Unambiguous politics, though, never assumed a central or even secondary place in the Beatles' songwriting. I'm guessing that, in the mid to late '60s, they cared too much about testing the limits of their pop craftsmanship to regularly engage in current-events sloganeering (after all, didn't they want to create timeless music?). And, despite John's often brash opinions and George's attachment to Eastern religions (both of which might have prompted more ethically- or morally-geared songs), the Beatles as a whole seemed too keen on the absurd, the fantastical, and grander notions like love for the banality of day-to-day politics. They certainly weren't detached. Maybe "All You Need Is Love" was John's response to, say, the Vietnam War. But the Beatles didn't name-drop (i.e. Viet Cong, Richard Nixon, etc.) or style their lyrics in a manner that consistently provided a specific window into their specific views on specific topics.

Their limited forays into politics, however, entail several classics and allow us to sketch a partial portrait of what their thoughts on various issues might have been. Two of the most obvious instances are George's "Taxman" and John's "Revolution" (or "Revolution 1"), both of which offer direct messages and also practice some name-dropping (quite memorably, in fact). The former, which expresses George's frustration at entering a higher tax bracket and, thus, having to shell out more to the government, calls out Harold Wilson and Edward Heath (targets that transcend party lines). Superb line: "Now my advice for those who die/ Declare the pennies on your eyes." The latter, in which John upbraids the sinister or, at least, ignorant segments of radical movements, famously includes the line "But if you go carrying pictures of Chairman Mao/You ain't gonna make it with anyone anyhow." Do the outlines of an ideology (or an accommodation of ideologies) start to emerge? Anti-overweening taxation and anti-violent revolution. Are the Beatles some sort of left libertarians? Temperamentally liberal but intellectually conservative?

Elements of class commentary are also evident, to varying degrees, in songs like George's "Piggies" and maybe even "Baby You're a Rich Man" ("You keep all your money in a big brown bag inside a zoo/ What a thing to do"). But the more you sift through the Beatles' discography, the vaguer your findings become. Maybe "Think for Yourself" is a call to distrust the government's word. Maybe not. Maybe tunes like "When I'm Sixty-Four" and "Ob-La-Di, Ob-La-Da" operate, on a certain level, as paeans to the nuclear family. Again, maybe (that is, probably) not. If not, all the better. Excessive politics can cheapen art decidedly. The Beatles seemed to fare just fine without the regular presence of such tomfoolery.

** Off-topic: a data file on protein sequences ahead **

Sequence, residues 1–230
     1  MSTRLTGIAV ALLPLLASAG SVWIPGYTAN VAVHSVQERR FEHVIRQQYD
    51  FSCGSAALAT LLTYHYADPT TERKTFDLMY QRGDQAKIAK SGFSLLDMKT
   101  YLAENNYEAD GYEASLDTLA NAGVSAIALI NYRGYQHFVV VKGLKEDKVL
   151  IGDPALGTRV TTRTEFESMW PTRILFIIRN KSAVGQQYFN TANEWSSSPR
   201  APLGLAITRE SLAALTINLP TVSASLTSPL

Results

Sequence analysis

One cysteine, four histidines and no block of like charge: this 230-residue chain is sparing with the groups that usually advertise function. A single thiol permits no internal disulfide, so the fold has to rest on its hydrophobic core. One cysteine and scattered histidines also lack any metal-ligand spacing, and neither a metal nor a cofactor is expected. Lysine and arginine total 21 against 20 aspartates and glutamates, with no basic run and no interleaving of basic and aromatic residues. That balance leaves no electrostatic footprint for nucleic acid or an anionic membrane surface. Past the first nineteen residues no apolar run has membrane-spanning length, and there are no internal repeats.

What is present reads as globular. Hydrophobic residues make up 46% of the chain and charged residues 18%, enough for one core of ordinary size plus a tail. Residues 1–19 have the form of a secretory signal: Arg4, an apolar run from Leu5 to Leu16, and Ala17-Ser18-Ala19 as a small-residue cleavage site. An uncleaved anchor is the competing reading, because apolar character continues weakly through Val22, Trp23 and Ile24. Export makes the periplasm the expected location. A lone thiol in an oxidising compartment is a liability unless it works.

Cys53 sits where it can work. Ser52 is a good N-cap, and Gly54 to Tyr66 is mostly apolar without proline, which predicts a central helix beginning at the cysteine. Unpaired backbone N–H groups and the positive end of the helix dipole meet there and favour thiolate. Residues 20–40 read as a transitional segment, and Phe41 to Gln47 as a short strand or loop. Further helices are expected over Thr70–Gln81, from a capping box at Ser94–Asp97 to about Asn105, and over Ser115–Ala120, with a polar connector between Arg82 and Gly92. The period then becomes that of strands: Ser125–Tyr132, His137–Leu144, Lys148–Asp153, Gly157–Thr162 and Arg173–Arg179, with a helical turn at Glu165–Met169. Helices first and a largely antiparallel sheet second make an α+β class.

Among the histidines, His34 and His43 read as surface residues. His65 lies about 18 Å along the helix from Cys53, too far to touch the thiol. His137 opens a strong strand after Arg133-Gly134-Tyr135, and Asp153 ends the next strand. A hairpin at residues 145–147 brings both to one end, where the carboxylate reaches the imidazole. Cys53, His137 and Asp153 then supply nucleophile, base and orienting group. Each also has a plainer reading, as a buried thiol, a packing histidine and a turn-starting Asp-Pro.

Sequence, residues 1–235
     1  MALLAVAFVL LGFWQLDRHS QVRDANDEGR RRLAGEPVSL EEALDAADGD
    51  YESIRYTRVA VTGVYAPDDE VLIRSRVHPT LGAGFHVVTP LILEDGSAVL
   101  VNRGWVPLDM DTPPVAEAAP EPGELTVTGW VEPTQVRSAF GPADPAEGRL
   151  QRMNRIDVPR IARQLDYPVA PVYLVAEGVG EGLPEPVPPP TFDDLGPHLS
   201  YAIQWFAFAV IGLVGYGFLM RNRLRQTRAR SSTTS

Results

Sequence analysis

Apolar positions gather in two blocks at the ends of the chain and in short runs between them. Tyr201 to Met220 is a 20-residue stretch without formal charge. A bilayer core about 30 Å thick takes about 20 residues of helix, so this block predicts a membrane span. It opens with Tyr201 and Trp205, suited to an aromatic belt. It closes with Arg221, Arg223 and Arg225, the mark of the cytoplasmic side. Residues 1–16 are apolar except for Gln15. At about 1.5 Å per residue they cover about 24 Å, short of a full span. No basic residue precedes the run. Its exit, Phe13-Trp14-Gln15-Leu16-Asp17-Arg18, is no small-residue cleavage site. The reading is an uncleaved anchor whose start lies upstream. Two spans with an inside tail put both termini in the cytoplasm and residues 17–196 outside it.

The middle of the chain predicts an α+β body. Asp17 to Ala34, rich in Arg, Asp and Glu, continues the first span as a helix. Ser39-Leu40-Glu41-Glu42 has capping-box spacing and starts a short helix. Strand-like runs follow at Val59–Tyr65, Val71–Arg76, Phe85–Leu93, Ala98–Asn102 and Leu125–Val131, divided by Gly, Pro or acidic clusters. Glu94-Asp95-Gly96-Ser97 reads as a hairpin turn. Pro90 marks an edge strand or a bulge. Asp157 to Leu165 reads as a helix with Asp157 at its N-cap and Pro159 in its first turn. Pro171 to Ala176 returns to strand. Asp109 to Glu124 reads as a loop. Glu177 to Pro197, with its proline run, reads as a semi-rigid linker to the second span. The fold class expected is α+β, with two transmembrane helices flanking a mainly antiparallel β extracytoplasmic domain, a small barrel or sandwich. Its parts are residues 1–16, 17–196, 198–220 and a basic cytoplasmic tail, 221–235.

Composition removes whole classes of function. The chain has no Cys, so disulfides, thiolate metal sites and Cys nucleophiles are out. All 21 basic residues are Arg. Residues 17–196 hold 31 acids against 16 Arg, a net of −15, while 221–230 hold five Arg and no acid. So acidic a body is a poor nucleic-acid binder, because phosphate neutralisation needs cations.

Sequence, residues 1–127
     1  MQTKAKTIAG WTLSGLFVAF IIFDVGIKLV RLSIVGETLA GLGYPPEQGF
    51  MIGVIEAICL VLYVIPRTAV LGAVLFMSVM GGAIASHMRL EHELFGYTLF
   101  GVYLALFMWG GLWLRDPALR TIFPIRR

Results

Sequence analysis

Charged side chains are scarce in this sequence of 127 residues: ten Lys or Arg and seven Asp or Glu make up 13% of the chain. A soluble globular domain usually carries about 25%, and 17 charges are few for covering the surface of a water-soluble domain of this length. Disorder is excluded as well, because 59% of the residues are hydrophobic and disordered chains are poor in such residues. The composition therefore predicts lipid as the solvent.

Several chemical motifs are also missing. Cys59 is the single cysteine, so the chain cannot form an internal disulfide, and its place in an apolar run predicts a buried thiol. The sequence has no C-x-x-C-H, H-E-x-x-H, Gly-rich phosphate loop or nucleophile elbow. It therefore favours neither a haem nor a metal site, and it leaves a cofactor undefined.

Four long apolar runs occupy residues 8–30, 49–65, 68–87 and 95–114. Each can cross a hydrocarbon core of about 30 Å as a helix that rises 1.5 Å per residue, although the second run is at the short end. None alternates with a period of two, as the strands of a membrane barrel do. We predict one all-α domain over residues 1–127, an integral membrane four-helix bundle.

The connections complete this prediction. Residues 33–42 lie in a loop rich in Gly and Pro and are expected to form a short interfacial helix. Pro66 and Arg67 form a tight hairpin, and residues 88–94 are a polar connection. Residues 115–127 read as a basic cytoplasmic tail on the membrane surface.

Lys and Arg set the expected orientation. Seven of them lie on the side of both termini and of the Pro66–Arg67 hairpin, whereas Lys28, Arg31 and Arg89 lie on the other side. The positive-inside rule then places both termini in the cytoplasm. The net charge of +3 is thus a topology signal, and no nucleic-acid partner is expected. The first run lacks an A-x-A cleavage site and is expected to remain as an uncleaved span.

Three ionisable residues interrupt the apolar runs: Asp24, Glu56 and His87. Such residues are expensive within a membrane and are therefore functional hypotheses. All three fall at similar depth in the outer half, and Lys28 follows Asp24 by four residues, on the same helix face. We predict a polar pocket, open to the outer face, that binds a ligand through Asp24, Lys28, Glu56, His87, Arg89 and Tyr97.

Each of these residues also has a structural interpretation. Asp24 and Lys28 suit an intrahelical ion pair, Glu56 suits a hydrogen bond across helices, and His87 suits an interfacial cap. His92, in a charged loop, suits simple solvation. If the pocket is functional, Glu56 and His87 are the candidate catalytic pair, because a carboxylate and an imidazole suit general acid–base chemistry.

To conclude, let's go all in and nuke the fridge. The Beatles were free thought-supporting, anti-cigarette smoking (quite silly, I know), pro-family, guardians of the peace-backing, anti-bourgeoisie, Soviet-sympathizing left libertarians.

Today in Beatles history

According to, on November 5, 1968, Paul McCartney skedaddled off to Scotland on holiday. We're better for such knowledge.

Sunday, November 2, 2008

Magical mystery sounds

It seems that my sources for Beatles information/updates are more or less limited to Wikipedia and Wired. Having publicly owned up to this dependency, I feel more comfortable linking to another intriguing read from Wired , this one about the studio machinations behind the "praaannng" part that introduces "A Hard Day's Night." I guess this specific sound had proved indecipherable, from a technical standpoint, until just recently. The code-cracker is an academic from Dalhousie University in Halifax, Nova Scotia named Jason Brown. The article links to his findings in a paper entitled "Mathematics, Physics, and A Hard Day's Night," which delves deep into the song's minutiae. It's opaque material (or was for me, anyway), but I'm down with the fact that such a study even exists. According to Brown, the Beatles "ushered in a new era in pop music with the opening of A Hard Day’s Night."

Saturday, November 1, 2008

Halloween, 1951- Beatles history (sort of)

Yesterday I came across this article of interest on about the origins of zebra street crossings, a la the legendary album cover for Abbey Road. It touches on, inter alia, the motivations, experiments, and political players that were involved in realizing this now common safety feature. Apparently the first official use of the zebra crossing was in the London suburb (more or less) of Slough, which was the purported backdrop for the original version of The Office. Killer. Less killer, though, is Sir George Martin's positively gaudy suit of arms, which the article links to. It's of note that Martin's design includes only three beetles. The Wired writer, Randy Alfred, shares his response to this curiosity: "Go figure." I'm honestly not sure what the implication is. Either way, I think a full five (the four plus Martin himself) would've been more fitting.